Small cars are designed to take up as little space on the road as possible while being usefully practical – as well as, of course, being cheap to lease and to run. In fact, there’s no more affordable way into a brand-new car, complete with the peace of mind a manufacturer warranty brings, than leasing a small car.
But those defining characteristics mean it's actually pretty difficult to build a really good small car and keep it well-priced. For a long time, most 'runabouts' were less-than-sparkling: heavily compromised, cramped, cheap, noisy... just not that much fun to live with.
Now though, the classes of small vehicles – be they city cars, superminis or even compact crossover-SUVs – are genuinely among the most exciting. Manufacturers are making massive strides with compact cars, including making small fully electric cars.
And there's nothing quite like driving a really good small car – a vehicle that exceeds your expectations with excellent interior space, quiet motorway refinement and delightful cabin design. So, here are ten small cars that have those qualities.
1. Fiat 500 | 500 Electric
Pros: Zero emissions, amazing around-town refinement, superb interior
Cons: Looks quite a lot like the old Fiat 500 Classic
When Fiat launched the all-new electric-only 500, the 'old' version was still so popular that the company decided to keep making it. An unusual but very welcome move, because there's still a lot to love about the petrol-powered Fiat 500. It's perfectly small for city duties, and it's amazing value in terms of leasing costs, fuel efficiency and insurance rates.
The electric version is a huge step forward for the model, though. The refinement levels are magnificent, the interior is neater and more accommodating to taller people, and there’s a choice of two battery packs, the bigger of which gives you up to 199 miles of range. And it feels super quick because the accelerator response is instant – perfect for tight, stop-and-start city situations.
2. Ford Fiesta
Pros: Incredible chassis, lots of technology, ‘big-car’ feel, superb ST model
Cons: There are a LOT of Fiestas on the roads
The Ford Fiesta is a 'supermini' rather than a city car, but that doesn’t change the fact that the Ford has been an iconic small car for four decades now, serving the British public with distinction in that time. The latest model is a classic, with enough space for four (five at a push) from a small footprint, a decent-sized boot and, most memorably, amazingly fun handling that combines road feel with genuine comfort.
For more details read our Ford Fiesta review here.
3. DS 3
Pros: Distinctive styling, high-class interior, high-riding driving position
Cons: Not a huge amount of engine choice
A prestigious yet supremely compact crossover-SUV, the DS 3's chunky styling and tall driving position make it perfect for the city. Visibility in all directions is great, and because DS is a 'premium' brand, pitched against the likes of BMW, Mercedes-Benz and Jaguar, the DS 3 is set-up to drive in a wallowy, comfortable, luxurious sort of way. It's an unusual looking thing too, with a distinct cabin design that plays with convention – the window switches are placed between the seats, for instance.
Mark put the DS 3 through its paces – find out more by watching his DS 3 review on Youtube.
4. Hyundai i10
Pros: Impressively capable on the motorway, brilliant in town, loads of kit
Cons: No hybrid drivetrain choices – just petrol power
In terms of traditional, petrol-powered city cars, the Hyundai i10 is the best of the lot. Its smooth exterior styling hides a surprisingly large and nicely appointed cabin, and while the most affordable Hyundai i10 lease deals will get you into a lower-spec model, you only have to up your budget a bit to land yourself in a Premium-grade car – packed with equipment. The Hyundai's compact dimensions make it fantastically agile in the city, but it's surprisingly good on the motorway too – quiet and settled at speed. Find out more in our Hyundai i10 review.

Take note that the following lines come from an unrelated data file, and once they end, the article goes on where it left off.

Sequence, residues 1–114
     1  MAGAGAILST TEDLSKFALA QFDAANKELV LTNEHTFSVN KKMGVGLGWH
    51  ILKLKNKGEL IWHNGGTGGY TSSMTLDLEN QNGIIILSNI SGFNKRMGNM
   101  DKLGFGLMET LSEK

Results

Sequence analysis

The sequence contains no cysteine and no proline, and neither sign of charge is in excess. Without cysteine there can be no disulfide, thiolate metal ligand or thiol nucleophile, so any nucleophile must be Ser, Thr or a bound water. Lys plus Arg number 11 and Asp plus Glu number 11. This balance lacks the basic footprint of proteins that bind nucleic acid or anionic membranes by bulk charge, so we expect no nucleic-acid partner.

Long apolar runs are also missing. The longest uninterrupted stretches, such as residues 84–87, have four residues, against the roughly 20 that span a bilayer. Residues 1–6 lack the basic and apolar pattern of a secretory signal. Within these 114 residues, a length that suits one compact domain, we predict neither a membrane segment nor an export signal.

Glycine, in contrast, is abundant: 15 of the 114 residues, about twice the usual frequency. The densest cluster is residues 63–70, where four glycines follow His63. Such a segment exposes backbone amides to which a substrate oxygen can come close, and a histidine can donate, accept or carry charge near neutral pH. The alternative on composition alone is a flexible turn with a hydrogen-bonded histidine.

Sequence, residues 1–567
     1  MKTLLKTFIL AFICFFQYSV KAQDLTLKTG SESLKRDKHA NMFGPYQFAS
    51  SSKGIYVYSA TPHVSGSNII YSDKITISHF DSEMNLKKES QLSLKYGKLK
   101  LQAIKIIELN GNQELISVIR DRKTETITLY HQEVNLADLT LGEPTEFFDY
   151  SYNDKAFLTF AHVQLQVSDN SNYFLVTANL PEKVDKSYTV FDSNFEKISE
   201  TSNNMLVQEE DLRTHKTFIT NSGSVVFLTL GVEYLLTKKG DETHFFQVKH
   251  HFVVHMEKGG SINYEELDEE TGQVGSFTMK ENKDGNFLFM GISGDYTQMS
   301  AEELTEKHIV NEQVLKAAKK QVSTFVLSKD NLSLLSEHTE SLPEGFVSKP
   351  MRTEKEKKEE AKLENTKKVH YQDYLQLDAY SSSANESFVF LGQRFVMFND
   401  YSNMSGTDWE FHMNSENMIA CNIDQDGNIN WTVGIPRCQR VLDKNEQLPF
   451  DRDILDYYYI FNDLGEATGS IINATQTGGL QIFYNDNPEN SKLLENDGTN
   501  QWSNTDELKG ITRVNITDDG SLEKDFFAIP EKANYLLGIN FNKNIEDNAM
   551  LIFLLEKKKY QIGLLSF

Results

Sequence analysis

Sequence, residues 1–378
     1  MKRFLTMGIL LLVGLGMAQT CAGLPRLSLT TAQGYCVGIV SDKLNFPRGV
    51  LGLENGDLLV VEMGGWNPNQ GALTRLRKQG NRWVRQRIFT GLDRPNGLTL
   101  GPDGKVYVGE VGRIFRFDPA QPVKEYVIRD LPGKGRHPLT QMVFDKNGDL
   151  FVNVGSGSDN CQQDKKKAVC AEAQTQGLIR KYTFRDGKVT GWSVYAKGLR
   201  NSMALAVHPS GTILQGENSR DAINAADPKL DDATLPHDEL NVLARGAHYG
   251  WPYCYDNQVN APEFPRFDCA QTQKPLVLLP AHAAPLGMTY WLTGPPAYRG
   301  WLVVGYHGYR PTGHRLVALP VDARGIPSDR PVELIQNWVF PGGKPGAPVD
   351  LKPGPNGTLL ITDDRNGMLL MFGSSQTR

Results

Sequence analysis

5. Toyota Aygo X
Pros: Chic styling, cleverly packaged interior, legendary Toyota reliability
Cons: The engine has no turbo so needs a bit of work
Something of a class pioneer, the Aygo X is arguably the first time that a proper city car has been crossed with an SUV. Some dispute that – there've been tiny SUVs for decades – but in modern context there's just nothing like it. The Aygo X (the X pronounced 'Cross') sits a chunky body on top of a really small wheelbase, meaning it's city-friendly while having loads of interior space. Cabin quality is excellent, and its 1.0-litre petrol engine sounds great while returning 56mpg, so it has a bit of character with its fuel efficiency. Looks nice too, right?
Watch Mark’s video review of the Toyota Aygo X here.
6. Peugeot 208
Pros: Concept-car-like styling, superb interior, there’s a fully electric version
Cons: There’s no performance model, like the classic 205 GTi
The Peugeot 208 is the same size as a Fiesta, but it's a car that feels small around you – in a good way. See, the 208 has a really unique driver set-up, called ‘i-Cockpit’, which is focused on an unusually small steering wheel. Sounds trivial, but it has a transformative effect on the way the 208 feels to drive – more like a go-kart.
It helps that the 208's fundamentals are exceptional: it's super-sharp to drive while being comfortable; the cabin is interesting yet easy to fathom; the quality is great; and the engines are economical. Oh, and there's a fully electric version too, called the e-208, which is the pick of the bunch – zero-emissions driving with no loss of space or fun.
Read our Peugeot 208 review, which covers the car in full detail.
7. MINI Electric
Pros: All the usual MINI style inside and out, only with zero-emissions EV goodness
Cons: Modest battery limits range
Few cars encapsulate chic city driving better than an all-electric version of MINI’s ever-popular three-door MINI Hatchback. It’s a shame the electric drivetrain isn’t available in a few of the other MINI models, like the 5-Door or the Clubman, but the MINI makes the most of its quite modest battery pack to deliver a sparkling driving experience. It has a 184hp motor – enough power to get it a spicy ‘Cooper S’ badge – and a generally superb chassis. Nobody doubts how much fun it is to drive a MINI Hatchback these days. Its 144-mile claimed battery range is modest by modern standards, but if you can make that work for you, this is one of the very best small electric cars.